In the intervening months between then and now, I have seen the popularity of the song grow and grow. Noel Gallagher talks about it often (although he STILL refers to me as “That Woman” who started singing!) and it is played up and down the country every day. Manchester has recovered. Those brave people who were injured with shrapnel, the families of those who died, the first responders – they have begun to recover, but many have been left in constant pain. Some are unable to sleep without nightmares. Some will never see their child, mum, brother, partner again because of one despicable act of cowardice.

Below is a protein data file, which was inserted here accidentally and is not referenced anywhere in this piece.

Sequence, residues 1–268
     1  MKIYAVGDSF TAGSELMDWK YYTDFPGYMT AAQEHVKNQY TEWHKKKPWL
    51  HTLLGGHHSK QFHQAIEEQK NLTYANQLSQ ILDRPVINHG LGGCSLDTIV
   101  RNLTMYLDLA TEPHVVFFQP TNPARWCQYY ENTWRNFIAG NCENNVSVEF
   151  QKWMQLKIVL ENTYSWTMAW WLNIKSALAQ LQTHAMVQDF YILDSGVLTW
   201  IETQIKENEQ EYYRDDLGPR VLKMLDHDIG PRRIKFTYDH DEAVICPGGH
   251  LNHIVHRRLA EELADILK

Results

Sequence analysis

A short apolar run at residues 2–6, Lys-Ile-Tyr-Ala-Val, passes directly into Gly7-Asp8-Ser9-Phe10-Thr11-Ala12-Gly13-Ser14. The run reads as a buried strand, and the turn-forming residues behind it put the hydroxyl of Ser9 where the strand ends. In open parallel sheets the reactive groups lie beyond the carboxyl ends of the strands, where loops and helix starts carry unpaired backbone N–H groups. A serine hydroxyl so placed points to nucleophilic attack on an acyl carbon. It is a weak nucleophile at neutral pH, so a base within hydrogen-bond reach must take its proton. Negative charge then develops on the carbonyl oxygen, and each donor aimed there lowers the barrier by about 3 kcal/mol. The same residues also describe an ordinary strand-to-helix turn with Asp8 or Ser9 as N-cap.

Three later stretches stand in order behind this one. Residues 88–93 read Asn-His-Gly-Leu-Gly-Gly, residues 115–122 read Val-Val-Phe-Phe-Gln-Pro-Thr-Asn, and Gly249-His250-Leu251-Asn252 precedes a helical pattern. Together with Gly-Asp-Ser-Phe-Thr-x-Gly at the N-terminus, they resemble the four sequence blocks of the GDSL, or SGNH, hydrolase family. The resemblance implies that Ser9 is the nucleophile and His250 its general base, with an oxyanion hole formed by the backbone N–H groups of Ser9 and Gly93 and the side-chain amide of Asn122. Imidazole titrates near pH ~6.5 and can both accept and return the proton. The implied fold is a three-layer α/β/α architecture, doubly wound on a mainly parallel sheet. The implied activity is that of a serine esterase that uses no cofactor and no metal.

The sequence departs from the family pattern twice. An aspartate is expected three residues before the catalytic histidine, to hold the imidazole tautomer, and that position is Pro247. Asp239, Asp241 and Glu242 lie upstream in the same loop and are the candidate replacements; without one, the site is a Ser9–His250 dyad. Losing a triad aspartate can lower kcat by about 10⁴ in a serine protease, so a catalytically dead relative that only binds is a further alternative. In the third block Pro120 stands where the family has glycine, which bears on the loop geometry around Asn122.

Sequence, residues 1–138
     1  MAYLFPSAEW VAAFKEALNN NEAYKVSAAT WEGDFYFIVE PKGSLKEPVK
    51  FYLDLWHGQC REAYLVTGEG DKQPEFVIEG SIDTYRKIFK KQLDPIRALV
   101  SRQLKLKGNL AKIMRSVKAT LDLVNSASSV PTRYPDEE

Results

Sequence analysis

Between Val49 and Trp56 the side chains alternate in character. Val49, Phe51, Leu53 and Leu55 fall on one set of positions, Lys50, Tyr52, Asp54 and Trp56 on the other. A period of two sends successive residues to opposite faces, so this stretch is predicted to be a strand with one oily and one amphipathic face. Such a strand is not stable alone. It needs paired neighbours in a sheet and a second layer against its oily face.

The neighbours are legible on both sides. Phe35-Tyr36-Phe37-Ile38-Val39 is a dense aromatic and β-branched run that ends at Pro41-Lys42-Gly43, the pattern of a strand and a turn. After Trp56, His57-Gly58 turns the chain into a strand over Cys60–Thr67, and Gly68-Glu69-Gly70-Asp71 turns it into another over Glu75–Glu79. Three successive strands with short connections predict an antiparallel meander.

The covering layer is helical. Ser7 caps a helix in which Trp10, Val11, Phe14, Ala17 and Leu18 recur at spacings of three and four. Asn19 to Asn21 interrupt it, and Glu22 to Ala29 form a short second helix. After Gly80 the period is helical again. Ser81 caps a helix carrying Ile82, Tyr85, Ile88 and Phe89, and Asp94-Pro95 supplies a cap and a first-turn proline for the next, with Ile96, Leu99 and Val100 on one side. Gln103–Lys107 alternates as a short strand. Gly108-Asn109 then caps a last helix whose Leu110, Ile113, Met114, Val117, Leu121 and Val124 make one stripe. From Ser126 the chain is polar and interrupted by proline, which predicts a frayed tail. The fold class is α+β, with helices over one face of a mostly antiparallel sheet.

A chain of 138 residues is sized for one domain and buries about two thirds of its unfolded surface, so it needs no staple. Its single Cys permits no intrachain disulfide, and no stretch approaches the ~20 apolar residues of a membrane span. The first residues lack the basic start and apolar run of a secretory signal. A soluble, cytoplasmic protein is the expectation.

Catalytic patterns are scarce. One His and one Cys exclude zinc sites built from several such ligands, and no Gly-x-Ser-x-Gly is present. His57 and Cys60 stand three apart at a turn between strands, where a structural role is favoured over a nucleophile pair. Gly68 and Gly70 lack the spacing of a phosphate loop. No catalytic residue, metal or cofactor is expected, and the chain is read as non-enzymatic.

Don’t Look Back in Anger has become a Manchester anthem again, just as it was 20 years ago. The song, now a song of defiance against terror, has helped me out of the dark hole of depression. It helped me look at the positives in my life, and with the help of an amazing life coach – Heidi Mavir – has allowed me to come off anti-depressants after 15 years. This all sounds like a big ask from one song, but for me, Don’t Look Back in Anger has helped me to stop being “That Woman” and to start being Lydia again.